Is it considered harboring a fugitive or aiding/abetting if you allow someone to stay in your home knowing they have a warrant?

UPDATED: Sep 30, 2022

Advertiser Disclosure

It’s all about you. We want to help you make the right legal decisions.

We strive to help you make confident insurance and legal decisions. Finding trusted and reliable insurance quotes and legal advice should be easy. This doesn’t influence our content. Our opinions are our own.

UPDATED: Sep 30, 2022Fact Checked

Get Legal Help Today

Compare Quotes From Top Companies and Save

secured lock Secured with SHA-256 Encryption

Is it considered harboring a fugitive or aiding/abetting if you allow someone to stay in your home knowing they have a warrant?

I have a friend who is allowing his friend to stay in his garage and he is aware that a warrant has been issued for the friend. He is worried about whether or not he or anyone else on the property, especially the landlord who owns the whole place who has no idea the friend is there, for instance can get in any legal trouble for allowing the friend with the warrant to stay there. He has not provided any other assistance, has no idea what the warrant was even issued for, hasn’t provided transportation or funding or anything else, all he’s done is allowed his friend to stay in the garage for about a month. Can he get in any legal trouble for it?

Asked on September 4, 2016 under Criminal Law, Washington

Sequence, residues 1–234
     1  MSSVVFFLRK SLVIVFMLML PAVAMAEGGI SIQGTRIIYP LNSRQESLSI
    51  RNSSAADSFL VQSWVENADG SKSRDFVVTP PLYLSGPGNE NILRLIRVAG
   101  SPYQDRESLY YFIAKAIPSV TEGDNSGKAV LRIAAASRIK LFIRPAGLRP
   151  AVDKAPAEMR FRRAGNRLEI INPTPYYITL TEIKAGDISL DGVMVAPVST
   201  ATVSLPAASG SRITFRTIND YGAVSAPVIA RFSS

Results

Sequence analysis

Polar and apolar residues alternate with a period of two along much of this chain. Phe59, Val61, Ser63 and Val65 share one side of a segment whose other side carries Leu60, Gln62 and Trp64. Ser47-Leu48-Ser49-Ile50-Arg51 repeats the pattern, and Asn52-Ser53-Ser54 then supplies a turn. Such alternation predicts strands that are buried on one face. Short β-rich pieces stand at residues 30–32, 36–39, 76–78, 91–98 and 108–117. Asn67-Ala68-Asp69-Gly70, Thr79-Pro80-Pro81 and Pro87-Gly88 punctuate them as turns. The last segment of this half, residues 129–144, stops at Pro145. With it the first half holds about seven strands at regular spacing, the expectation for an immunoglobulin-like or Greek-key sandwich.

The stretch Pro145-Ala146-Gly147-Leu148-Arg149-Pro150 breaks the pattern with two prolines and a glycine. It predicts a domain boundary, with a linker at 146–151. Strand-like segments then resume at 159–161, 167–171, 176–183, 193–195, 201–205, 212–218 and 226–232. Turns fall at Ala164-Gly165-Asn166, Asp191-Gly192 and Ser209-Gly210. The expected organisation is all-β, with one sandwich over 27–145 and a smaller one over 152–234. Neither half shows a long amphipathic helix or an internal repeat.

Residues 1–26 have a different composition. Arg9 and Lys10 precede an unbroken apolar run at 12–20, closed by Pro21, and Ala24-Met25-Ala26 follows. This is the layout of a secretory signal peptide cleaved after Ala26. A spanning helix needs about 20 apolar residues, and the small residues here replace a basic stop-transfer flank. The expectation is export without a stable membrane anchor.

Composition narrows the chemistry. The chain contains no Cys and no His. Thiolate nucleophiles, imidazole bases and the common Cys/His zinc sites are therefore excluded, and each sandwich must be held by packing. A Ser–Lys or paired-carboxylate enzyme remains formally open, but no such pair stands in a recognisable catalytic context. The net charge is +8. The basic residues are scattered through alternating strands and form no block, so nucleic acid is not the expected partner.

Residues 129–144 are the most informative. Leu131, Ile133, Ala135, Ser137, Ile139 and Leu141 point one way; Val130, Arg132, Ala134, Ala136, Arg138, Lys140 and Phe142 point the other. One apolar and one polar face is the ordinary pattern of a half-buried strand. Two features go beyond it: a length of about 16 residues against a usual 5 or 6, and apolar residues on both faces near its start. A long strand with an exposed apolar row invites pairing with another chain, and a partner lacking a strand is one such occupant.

M.D., Member, California and New York Bar / FreeAdvice Contributing Attorney

Answered 6 years ago | Contributor

The criminal statutes of most states, as well as federal law, are substantially similar in their determination of what actions constitute the crime of "aiding, abetting or harboring a fugitive". In general, an individual who knowingly assists, aids, gives shelter, hides, provides clothing, food or anything of value to a known fugitive is guilty of the offense. Depending upon the crime committed by the fugitive, the person harboring them, could be found guilty of either a felony or misdemeanor.

IMPORTANT NOTICE: The Answer(s) provided above are for general information only. The attorney providing the answer was not serving as the attorney for the person submitting the question or in any attorney-client relationship with such person. Laws may vary from state to state, and sometimes change. Tiny variations in the facts, or a fact not set forth in a question, often can change a legal outcome or an attorney's conclusion. Although has verified the attorney was admitted to practice law in at least one jurisdiction, he or she may not be authorized to practice law in the jurisdiction referred to in the question, nor is he or she necessarily experienced in the area of the law involved. Unlike the information in the Answer(s) above, upon which you should NOT rely, for personal advice you can rely upon we suggest you retain an attorney to represent you.

Get Legal Help Today

Find the right lawyer for your legal issue.

secured lock Secured with SHA-256 Encryption